and shapings of the gods.

So I should take the laws of men

into my own hands?

Answer me.

You already have your answer.

No, I don't.

Well, then go and ask the gods yourself.

What are you afraid of?

Wait outside.

All right.

You haven't helped me at all, ancient one.

Perhaps you asked the wrong questions.

Where are they?

Where are my sons?

You said you'd found them.

We have someone special to visit.

- His name is Floki.
- "Floki"?

Like Loki, the god?

Yes, only different.

- How is he different?
- He's not a god.

- Why didn't he come to the thing?
- Because...

Because he's shy.

Floki, this is my son, Bjorn.

Hello. How are you?

Well. Thank you, sir.

Let me see.

You have your father's eyes


Why unfortunately?

It means he will be like you,

and therefore
he will want to do better than you,

and you will hate him for it.

How can you tell that
by just looking at my face?

It's the same with trees.

I can tell which trees will make

the best planks just by looking at them.

I can look inside the tree.

Floki is a boat-builder.

Among other things.

This is one.

Inside this tree are two
almost perfect planks.

They will bend, then curve,

like a woman's bod
from the thighs to the back.

When I split this tree, I will find them.

You can see that?

Do you think I'm joking?

I joke about many things, son of Ragnar,

but never about ship-building.

Do you imagine ships are just dead things?

So, what about our boat?

It will be lighter and carry a bigger sail.

The construction is different.

It's built with a strong central plank.

The two strakes above it are nailed
directly onto the knees of the frame.

But the ones below... Look!

Are cleated and lashed onto
the frames, not nailed,

so they can move in relation to each other.

This means the boat
won't butt against the waves like a goat,

but move over them like a ripple.

The hull is deeper.
How will my men set their oars?

I will cut them into the sheerstrakes,

and the ports can be closed
when the boat is at sea.

And you think
it could handle long sea voyages?

That's why I'm building it.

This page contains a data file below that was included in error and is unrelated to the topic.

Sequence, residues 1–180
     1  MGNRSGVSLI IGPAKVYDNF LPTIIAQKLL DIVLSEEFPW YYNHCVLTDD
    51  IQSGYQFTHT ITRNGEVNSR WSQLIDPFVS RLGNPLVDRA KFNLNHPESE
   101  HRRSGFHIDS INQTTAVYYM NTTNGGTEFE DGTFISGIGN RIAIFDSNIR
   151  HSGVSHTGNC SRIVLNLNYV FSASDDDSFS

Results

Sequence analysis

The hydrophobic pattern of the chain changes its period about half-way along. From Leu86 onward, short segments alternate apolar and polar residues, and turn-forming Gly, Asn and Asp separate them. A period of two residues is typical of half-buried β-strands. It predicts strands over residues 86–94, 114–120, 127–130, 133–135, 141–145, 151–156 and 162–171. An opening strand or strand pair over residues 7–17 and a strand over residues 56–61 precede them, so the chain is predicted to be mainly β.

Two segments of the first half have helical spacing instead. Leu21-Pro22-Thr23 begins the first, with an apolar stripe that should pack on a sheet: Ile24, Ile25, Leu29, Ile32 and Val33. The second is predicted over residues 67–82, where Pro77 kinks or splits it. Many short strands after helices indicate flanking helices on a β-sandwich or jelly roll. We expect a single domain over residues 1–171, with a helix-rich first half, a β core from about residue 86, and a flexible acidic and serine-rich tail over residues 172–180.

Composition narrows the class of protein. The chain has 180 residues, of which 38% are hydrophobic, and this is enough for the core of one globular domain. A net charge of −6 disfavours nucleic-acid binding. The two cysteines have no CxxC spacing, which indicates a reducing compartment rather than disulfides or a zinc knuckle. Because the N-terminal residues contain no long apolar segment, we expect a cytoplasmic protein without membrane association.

But will it be strong enough?

We won't know that until we try.

When will it be ready?

As to that...

- What?
- We're out of money.

We have to pay for the sail
and then the anchor.

I know what those blacksmiths
are like, greedy bastards.

For the anchor.

It's all I have left
from last summer's raids.

Don't worry.

We'll soon be as rich as dwarves!

I missed you.

Did anything happen while we were away?


Did you miss me?

I ached with love longing.

My belly was empty of laughter.

Is that what you want? Hmm?

You want me to make you laugh?

I don't want to laugh now.

I want to ride you, like a bull.

Like a wild bull.

- Hello, young Bjorn.
- Hello, Rollo.

Where are your parents?

They are having sex.


I guess we'll have to wait.

So, Gyda,

is your mother teaching
you how to use a shield?

Yes, I know how to use a shield.

Your mother was a famous shield-maiden.

- "Was"?
- Is a famous shield-maiden.

We fought in the same shield
wall against the eastlanders.

She fought like a valkyrie.

Come on, children, to bed.

Let's leave the men.

But I'm a man.
I have a ring.

- Let him stay awhile.
- To bed!

Say good night.

Good night, my children.

- Good night.
- Good night.

Good night.
Good night.


Good night, Father.

Tell me your news.

What about the boat?

It's nearly ready.

Do you trust Floki?

Isn't he a great joker?

He's a great boat builder.
I trust him to do that.

I won't go under your command.

I won't go unless we're all equal.

We are brothers.

You and I will always be equal.

Then we must find a crew.

Not many men will go
against the wishes of Haraldson.

Many will be afraid.

Some may even go to him and betray us.

I must go piss.

Yesterday, I was with a girl from the town.

Thank you.

A good-looking girl, too.

But when she shouted out in pleasure,

I didn't see her face.

I saw yours.


Don't talk like that.

Why not?

I think about you all the time.

That's too bad.

- Don't insult me, shield-maiden.
- No.

I would never insult you.

You're too great a warrior,

but perhaps not so great a man.

I saw something.

What did you see?

A sign.

It made me certain we're
doing the right thing.

Good night, brother.

- It's...
- No need to say.

- I see it in your eyes.
- Beautiful.

It's only beautiful if it works.

Set the sail.

Floki! The sail!

- She'll sink.
- No, she bloody won't.

I shouldn't have pretended
to build such a boat.

It's beyond my humble capabilities.

I'll set the sail.

I'm sorry, Ragnar.

I've wasted all your money.
It was all a joke.

Shut up, man.

Now it runs on its cool keel.

It's beautiful.

Why didn't you believe me?
I told you I could do it!

Now it's all up to you, Ragnar Lothbrok.